Late for Tea at the Deer Palace is a hauntingly beautiful ode to Iraq. Told from the perspective of the Chalabi family, one of the most influential families in Iraq for most part of the 20th century, the novel recreates the country’s majestic past. It is also one of the few books that really brings this country alive for the rest of the world, much in the way that Khaled Hosseini’s The Kite Runner brought pre-war-ravaged Afghanistan to life.
Starting in 1913, the book traces the history of the nation and the rise and fall of the Chalabi family, from the decline of the Ottomon empire to its destruction at the hands of Saddam Hussein and to Tamara Chalabi’s first look at her homeland.
As she traces her own roots, Chalabi take the reader along on a journey into the culture and psyche of Iraqi nationals and gives us a look at what the nation could have been if it wasn’t for Islamic clerics and Saddam Hussein, who brought its progress to a grinding halt. Chalabi’s vivid descriptions and the many pictures she uses in her narrative breathe life into the characters and bring Iraq alive.
He wore the typical attire of a sophisticated urbanite: a traditonal robe tailored in Baghdad from sayah, a delicate striped cotton material bought in Damascus, over white drawstring trousers. On his head he wore a fez, decreed by the Sultan in Istanbul to be the appropriate headgear of the modern Ottoman Empire.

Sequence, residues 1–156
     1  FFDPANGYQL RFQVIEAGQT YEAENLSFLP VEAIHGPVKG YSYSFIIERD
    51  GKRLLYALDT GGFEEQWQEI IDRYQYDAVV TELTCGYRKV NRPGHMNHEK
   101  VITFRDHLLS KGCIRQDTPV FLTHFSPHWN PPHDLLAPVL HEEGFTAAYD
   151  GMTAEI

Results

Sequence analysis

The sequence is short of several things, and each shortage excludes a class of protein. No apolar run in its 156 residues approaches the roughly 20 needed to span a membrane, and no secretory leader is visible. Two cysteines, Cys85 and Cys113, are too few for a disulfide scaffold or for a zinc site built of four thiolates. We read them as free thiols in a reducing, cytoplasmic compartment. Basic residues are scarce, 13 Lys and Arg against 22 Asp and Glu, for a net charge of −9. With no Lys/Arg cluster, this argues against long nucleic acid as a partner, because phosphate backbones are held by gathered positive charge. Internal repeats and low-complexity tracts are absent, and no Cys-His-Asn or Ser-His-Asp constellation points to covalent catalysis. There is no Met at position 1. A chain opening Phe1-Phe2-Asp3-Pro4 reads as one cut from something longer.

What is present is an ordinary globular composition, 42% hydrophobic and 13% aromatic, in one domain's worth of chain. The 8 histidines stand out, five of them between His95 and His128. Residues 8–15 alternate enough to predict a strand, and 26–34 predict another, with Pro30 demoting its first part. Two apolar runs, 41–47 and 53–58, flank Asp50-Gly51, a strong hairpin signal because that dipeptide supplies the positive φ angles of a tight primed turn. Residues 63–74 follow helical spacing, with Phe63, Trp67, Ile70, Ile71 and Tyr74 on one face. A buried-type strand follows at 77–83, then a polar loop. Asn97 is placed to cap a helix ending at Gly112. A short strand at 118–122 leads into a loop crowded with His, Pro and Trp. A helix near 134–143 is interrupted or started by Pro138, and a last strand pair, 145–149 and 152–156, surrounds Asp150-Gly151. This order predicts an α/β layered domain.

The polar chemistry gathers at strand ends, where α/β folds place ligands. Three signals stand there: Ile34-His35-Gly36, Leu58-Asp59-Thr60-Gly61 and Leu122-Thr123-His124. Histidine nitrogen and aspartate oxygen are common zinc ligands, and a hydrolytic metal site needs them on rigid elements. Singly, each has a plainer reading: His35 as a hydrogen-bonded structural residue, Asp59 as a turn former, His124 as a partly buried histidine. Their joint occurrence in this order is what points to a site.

– Late for Tea at the Deer Palace, p 33
Reading this book was even more poignant for me because my mother often spoke longingly about Basra, where she spent her first few years of married life with my father. She would often tell me about the cobbled streets, the outdoor cafes and her life there. When Basra was bombed during the Iran-Iraq war she was grief stricken, because she had always wanted to return for another visit. Reading this book, I was better able to imagine what Basra, and Iraq, were like in their hey day.
As I read about Ahmad Chalabi’s struggle to get a hearing with world leaders on the story of Iraq, his fight to free Iraq from the clutches of Saddam Hussein and how he and the rest of the Iraqis who wanted to fight alongside US troops were ill-treated, I begin to understand their frustration with world politics. And as I read about Chalabi’s return to her homeland for the first time in 2003, I’m struck by recent news on how Iraq’s struggles are driving many refugees out of the country (read the article on NY Times). It makes me wonder when and how this nation’s suffering will end.
I’d willingly recommended this book to anybody — not only is beautifully written, it also gives readers a rare glimpse into the history, culture and psyche of Iraq — giving us a clue about why Iraqis are not satisfied with the help received from the US, why they might have not got closure to Saddam Hussein’s reign, and why the nation continues to be in strife.
The book will be available in stores from 18 January 2011. You can pre-order the book through HarperCollins’ website.